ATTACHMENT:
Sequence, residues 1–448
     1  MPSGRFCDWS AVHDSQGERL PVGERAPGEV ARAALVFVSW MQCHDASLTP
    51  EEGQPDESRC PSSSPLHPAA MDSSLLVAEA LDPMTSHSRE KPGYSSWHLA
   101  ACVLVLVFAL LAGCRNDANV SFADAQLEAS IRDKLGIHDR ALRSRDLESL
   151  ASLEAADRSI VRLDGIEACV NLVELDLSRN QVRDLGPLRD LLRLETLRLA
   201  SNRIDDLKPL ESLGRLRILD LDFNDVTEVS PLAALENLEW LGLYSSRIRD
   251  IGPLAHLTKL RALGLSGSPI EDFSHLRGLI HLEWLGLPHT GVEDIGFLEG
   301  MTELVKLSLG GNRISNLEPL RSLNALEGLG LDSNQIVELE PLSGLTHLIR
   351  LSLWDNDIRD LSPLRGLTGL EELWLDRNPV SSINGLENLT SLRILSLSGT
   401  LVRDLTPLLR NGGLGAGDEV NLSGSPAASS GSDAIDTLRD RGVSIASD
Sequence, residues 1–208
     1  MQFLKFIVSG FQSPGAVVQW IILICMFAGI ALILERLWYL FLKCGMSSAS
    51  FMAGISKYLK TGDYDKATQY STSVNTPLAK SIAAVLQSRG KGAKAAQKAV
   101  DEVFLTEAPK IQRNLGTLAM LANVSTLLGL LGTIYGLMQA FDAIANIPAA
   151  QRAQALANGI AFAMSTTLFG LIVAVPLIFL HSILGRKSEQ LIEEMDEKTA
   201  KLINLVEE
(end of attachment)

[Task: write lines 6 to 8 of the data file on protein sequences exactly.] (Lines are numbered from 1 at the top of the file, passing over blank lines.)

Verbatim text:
   201  SNRIDDLKPL ESLGRLRILD LDFNDVTEVS PLAALENLEW LGLYSSRIRD
   251  IGPLAHLTKL RALGLSGSPI EDFSHLRGLI HLEWLGLPHT GVEDIGFLEG
   301  MTELVKLSLG GNRISNLEPL RSLNALEGLG LDSNQIVELE PLSGLTHLIR